When I first came to New Zealand and for about 10 years I worked in Rangiora Rural Maternity Hospital. while I was there we created a small, peaceful, private garden for labouring women. More recently I have worked in Balcutha and Lumsden. All of these have private outside spaces where women can labour in a peaceful garden setting. This is not so unusual in rural maternity units in New Zealand.

Why should we recreate the medical environment that we know increases intervention in birth? Is it not more appropriate for us, as midwifery educators to try to give our students a sense of how it is to care for women outside this clinical environment?

I am not suggesting that this type of scenario based learning is just around the corner. I think as educators we have a lot more to think about and learn before we are ready to start supporting student learning in this environment. But we do need to think about what we want for our students when we are ready to do this and I do think this will happen. We could also be talking with our medical colleagues about how they see this working and the learning opportunities involved in inter-collegial communication. I do not believe that the profession of Obstetrics is happy about the rising caesarean section rates either, but normal birth is not their specialty it is ours. It is for us to support the normal and consult appropriately. This is the real way forward I feel. Mutual support and respect for the place and skills of the other, while keeping the woman and her choices at the center and as the focus of care.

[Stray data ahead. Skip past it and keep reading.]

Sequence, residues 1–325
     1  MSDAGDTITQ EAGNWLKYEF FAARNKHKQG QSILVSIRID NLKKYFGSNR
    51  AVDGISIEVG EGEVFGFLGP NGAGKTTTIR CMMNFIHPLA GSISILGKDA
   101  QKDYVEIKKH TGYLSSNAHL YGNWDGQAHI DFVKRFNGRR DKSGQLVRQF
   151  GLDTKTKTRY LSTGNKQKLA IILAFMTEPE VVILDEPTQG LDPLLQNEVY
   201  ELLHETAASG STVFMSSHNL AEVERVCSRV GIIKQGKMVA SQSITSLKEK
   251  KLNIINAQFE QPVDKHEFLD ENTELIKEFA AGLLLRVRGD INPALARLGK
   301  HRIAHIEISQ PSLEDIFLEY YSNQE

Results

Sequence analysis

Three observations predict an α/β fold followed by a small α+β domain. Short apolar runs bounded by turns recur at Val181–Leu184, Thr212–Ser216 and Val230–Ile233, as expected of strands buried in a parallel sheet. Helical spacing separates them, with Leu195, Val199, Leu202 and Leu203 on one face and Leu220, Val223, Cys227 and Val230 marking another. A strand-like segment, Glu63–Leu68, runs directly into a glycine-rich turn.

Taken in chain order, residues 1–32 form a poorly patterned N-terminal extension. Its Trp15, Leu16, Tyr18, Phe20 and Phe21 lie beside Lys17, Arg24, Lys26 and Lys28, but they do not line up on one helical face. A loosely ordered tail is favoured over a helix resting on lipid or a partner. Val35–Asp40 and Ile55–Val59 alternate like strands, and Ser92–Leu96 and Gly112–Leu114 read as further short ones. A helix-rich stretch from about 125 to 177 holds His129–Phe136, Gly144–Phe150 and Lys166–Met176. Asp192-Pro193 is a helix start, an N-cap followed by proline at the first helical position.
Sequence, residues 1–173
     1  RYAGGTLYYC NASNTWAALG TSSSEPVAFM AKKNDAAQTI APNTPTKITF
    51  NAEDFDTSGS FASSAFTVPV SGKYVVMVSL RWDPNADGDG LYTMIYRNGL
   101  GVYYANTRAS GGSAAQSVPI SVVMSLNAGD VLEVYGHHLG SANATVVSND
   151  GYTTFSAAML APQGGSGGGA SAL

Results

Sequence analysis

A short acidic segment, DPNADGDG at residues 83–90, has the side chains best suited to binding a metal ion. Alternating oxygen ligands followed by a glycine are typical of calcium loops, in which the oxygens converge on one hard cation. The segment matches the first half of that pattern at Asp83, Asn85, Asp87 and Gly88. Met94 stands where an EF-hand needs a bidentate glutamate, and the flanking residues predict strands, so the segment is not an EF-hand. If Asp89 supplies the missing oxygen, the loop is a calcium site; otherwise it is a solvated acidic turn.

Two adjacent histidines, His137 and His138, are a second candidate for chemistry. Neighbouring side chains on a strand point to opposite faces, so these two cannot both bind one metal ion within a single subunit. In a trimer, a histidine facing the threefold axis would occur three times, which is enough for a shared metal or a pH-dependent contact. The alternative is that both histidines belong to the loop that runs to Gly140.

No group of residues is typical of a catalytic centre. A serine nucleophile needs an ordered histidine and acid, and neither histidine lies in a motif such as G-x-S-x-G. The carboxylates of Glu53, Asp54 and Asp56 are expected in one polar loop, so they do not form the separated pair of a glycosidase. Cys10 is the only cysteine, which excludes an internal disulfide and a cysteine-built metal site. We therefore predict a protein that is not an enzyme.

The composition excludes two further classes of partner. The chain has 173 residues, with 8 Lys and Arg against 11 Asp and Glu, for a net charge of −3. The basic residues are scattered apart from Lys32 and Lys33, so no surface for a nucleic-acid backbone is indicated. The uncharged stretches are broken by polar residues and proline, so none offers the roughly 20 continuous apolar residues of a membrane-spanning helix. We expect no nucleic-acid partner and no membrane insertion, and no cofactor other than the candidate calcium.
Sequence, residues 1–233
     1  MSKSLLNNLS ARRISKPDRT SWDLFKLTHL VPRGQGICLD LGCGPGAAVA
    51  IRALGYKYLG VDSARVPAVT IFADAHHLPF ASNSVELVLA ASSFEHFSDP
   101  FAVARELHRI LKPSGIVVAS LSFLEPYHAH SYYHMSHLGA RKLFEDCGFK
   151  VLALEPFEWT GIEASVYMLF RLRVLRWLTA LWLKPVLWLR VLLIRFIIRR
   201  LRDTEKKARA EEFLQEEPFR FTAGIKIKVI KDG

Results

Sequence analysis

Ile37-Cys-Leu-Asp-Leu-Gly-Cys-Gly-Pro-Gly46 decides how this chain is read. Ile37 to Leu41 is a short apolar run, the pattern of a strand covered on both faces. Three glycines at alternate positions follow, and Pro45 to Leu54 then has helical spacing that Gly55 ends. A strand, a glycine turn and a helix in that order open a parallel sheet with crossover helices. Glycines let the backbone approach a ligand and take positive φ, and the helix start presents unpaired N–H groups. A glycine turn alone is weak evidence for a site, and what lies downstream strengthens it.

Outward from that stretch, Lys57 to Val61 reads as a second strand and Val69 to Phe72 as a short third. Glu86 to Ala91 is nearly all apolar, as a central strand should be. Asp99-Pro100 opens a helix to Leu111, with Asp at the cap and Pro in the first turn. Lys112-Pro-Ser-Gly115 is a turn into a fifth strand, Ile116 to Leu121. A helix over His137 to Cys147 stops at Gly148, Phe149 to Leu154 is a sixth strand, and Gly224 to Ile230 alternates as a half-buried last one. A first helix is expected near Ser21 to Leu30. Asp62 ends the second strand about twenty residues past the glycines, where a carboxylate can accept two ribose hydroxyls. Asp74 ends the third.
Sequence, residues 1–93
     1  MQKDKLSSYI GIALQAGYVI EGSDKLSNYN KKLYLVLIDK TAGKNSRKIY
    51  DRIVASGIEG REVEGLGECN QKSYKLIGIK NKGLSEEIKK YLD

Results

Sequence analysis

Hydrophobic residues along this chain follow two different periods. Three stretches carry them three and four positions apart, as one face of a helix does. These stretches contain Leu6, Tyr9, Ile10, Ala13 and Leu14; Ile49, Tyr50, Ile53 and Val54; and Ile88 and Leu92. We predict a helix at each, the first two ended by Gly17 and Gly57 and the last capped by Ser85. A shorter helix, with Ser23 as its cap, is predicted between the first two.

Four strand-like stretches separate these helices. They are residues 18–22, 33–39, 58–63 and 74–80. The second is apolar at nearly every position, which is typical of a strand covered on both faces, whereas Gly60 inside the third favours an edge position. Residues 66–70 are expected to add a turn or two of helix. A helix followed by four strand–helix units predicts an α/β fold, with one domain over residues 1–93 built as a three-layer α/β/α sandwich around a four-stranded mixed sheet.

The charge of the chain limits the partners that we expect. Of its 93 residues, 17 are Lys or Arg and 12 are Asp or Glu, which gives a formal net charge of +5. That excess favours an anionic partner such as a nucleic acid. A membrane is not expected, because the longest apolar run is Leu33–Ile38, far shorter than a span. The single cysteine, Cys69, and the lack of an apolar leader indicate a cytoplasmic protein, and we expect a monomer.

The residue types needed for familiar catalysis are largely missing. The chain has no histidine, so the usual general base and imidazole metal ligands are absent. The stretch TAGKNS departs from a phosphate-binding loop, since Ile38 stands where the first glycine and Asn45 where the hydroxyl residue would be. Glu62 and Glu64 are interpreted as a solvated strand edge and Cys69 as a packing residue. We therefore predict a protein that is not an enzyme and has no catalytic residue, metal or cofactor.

I look forward to your thoughts and comments on this.

6 comments:

Anonymous said...

it reminds me of a homebirth I attended in Plimmerton just north of wellington. The woman and I and another midwife sat out in the garden for the afternoon - her husband duly delivered us food on a tray and refreshments. The woman did her thing, we kept the vigil doing our midwifery things at various intervals - and I remember the kids (4 of them so far) riding their bikes round and round the tennis court next door - they did hundreds of laps. i remember documenting that which might be strange but it really captured the normality of the situation. Inthe evening sometime - the baby joined the family....
I like your idea
Rae

Carrie said...

Carolyn - I LOVE this idea. I've been reading your blogs about meeting in second life. The idea is great and exactly what second life is for ... :-( but my computer is challenged and I can't run second life, so I won't be joining you unless I can use another computer.
Regardless - the idea of creating a NORMAL birth environment via second life is fabulous! kudos.

Carolyn said...

Thanks for comments Rae and Carrie. I don't know why it took me so long to realise that we don't need midwifery clinics, if we need anything we need to give students the experience of birth outside the clinical environment. A big problem is, as you state Carrie, the need for broadband internet and high powered computer. So we are still a way away from being able to work with students in second life I think. However as educators I think we need to continue discussing how we might use second life for midwifery education.

Sitting in Silence said...

Hi
I am really going to take a serious look into this second life. It look's really interesting.

I will let you know how I go.

Danielle.

catkins_in_nz said...

Hi Carolyn - Sorry it has taken me so long to post my comment but I think your idea is wonderful and I am more than happy to make the garden available for this purpose!!! Look forward to working with you on the whole idea!! Arwenna

Carolyn said...

Be good to have you join us in secondlife Danielle.
Thanks for the offer of support Arwenna. We will see where we go with this over time. will see you in Second life soon. I have a few weekends of midwifery work at the moment so needing to take a break from second life at the moment.